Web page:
America, the Catholic Church, and gay marriage

As the same-sex marriage tsunami washes over America, finding victory and acceptance virtually throughout the nation, the Catholic Church remains – and will remain – a bastion of traditional marriage (one man and one woman, for life (=no divorce).

Is the same-sex divorce tsunami next?

The so-called doctrine known as: the separation of church and state, in the case of same-sex marriage especially, protects the Church and Catholics from being forced to accept and to perform gay marriages, even though the entire nation, led by the gay radicals, demand that ALL Americans – especially Catholics – accept, approve of, and perform gay marriages.

But will those in radical homosexual community, who are so successfully shoving same-sex marriage down our collective throats, which could be a form of sociological sodomy, accept and approve of the fact that Catholics and the Catholic Church, according to the US Constitution and the Bill of Rights, have such protections? Meaning: the right NOT to change our long-held beliefs concerning homosexuality and marriage no matter how much pressure is brought to bear against us?

I doubt the radical gays will accept this situation. I think this will stick in their craw. 

The idea that ANY group of Americans – especially Catholics – will be allowed, by law, to continue to say that marriage is ONLY between one man and one woman for life, and that homosexuality is a sin, will be, I think, unbearable for them. The whole point of having gay marriages accepted and normalized requires that ALL Americans accept gay marriages; not SOME, or even MOST, Americans.

In America, which has, since her founding, a libertarian political philosophy, we write our laws so that people are protected from other people, and from the federal government, not so that people are protected from themselves. America is not supposed to be a place where the federal government decides what is best for us, or what we should and shouldn’t do regarding our own person, America is a place where the federal government tells us what we can and cannot do regarding our behavior toward other people.

Drinking alcohol can become a very bad, dangerous, and deadly habit; but it’s legal for us to drink alcohol in America. Why? Because if we want to drink ourselves to death it is our prerogative to do so in a free nation. Is this what’s best for us? Of course not. America once outlawed alcohol because it is bad for us, and because America had, by that time (1920’s), become something of a morality police state, and most Americans believed and voted to allow the federal government to stop people from drinking in order to protect these people from themselves, from ruining their lives, and, indirectly, from ruining the lives of their families.

Prohibition poster

Prohibition was a very bad idea, leading, as it did, to the creation of a lucrative black market for alcohol, although the intentions were no doubt honorable: to keep people from becoming drunks, ruining their lives, and ruining the lives of their families. In America, so long as you’re not directly harming another person, we should be allowed to do whatever we want to do, including drinking ourselves to death (hey, if you wanna be stupid, be stupid, it’s YOUR life!).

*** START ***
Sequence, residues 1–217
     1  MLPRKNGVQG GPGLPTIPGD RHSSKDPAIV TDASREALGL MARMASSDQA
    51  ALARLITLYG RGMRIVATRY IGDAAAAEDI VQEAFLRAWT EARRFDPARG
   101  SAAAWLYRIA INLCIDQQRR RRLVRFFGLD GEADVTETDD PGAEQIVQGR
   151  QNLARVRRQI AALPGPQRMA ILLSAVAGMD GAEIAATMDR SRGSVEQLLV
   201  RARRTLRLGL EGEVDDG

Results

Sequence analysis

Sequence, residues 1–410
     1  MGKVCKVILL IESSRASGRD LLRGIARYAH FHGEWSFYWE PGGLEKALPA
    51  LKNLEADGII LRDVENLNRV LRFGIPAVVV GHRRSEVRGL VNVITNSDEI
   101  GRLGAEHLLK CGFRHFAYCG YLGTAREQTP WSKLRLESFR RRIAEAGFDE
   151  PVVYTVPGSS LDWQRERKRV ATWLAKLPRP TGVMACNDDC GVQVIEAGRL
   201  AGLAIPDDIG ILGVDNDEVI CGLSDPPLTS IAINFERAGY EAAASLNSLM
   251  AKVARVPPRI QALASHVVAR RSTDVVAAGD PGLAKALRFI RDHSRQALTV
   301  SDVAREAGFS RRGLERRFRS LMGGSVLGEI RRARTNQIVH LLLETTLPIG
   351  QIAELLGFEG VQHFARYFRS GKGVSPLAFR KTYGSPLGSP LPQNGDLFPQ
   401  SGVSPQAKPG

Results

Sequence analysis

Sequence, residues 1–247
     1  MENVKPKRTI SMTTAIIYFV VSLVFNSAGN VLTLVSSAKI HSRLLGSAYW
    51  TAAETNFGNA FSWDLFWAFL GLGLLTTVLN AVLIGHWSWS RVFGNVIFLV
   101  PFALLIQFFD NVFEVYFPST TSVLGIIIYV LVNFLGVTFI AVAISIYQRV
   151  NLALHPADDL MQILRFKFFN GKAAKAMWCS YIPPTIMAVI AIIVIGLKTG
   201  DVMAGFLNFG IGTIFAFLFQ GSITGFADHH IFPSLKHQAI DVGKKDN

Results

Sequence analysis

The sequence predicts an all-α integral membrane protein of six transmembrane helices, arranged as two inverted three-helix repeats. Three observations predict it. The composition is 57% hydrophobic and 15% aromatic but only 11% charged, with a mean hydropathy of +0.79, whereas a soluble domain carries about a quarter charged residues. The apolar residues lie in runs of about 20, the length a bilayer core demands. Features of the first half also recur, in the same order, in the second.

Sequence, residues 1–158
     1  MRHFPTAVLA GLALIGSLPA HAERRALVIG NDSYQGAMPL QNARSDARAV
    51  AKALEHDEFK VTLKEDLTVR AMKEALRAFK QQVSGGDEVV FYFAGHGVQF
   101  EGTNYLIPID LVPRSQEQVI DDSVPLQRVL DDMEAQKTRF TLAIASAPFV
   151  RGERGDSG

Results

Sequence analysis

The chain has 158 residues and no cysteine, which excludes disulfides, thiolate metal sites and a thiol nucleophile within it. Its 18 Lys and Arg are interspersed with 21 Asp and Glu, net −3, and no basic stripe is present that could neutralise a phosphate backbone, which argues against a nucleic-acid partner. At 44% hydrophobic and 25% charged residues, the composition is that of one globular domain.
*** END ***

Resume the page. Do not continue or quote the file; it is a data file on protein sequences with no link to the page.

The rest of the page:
It’s the same thing with gay marriage, in my thinking. I don’t think homosexual marriages are the same as, equal to, or just as good as heterosexual marriages, because the best marriage relationships require a man and a woman, not two women and not two men. Is being in a gay relationship or a gay marriage better than being alone? Possibly. Is being in a traditional marriage better than being in a gay relationship or a gay marriage? Yes, I think it is, but this doesn’t mean I want America to act as a morality police state, protecting gay people from themselves just because I don’t happen to think being gay is what’s best for people. I say let people do their thing, so long as they are not directly harming anyone. And who, in their right mind, believes a gay lover, or gay spouse, is harming anyone?

Likewise, I expect the radical gay community to grant me the same respect. Since I don’t accept gay marriage, I expect to be left alone by the radical gays regarding my traditional beliefs. Let me do my thing too. Thanks. I DO support the legal protections afforded by such gay unions, because it now seems a legal necessity, but I will never consider these couples to be married. The question now, in my mind is: Can the radical homosexual community tolerate this situation? Or will they bring the arm of the state to bear against people like me and my Church? Will we be made – forced – to accept and to perform gay marriages?

The short answer is: No, we will not.

Pass all the laws you want, Catholics and the Catholic Church will never accept gay marriages as equal to, the same as, or just as good as heterosexual marriages. We don’t accept divorce either, because we have too high a regard for marriage to cheapen it so.

About ajmacdonaldjr

writer, author, blogger
This entry was posted in Activism, Government, history, Law, Philosophy, Politics and tagged , , , , , , , , , , , , , , , , , . Bookmark the permalink.

2 Responses to America, the Catholic Church, and gay marriage

  1. joesix says:

    Homophobia is gay.

    • I agree! I am not afraid of LGBT folks and I am proud to count many as my friends, probably because they are so often some of the most intelligent conversationalists I know as well as some of the most loving people I have ever met. My type of friend!

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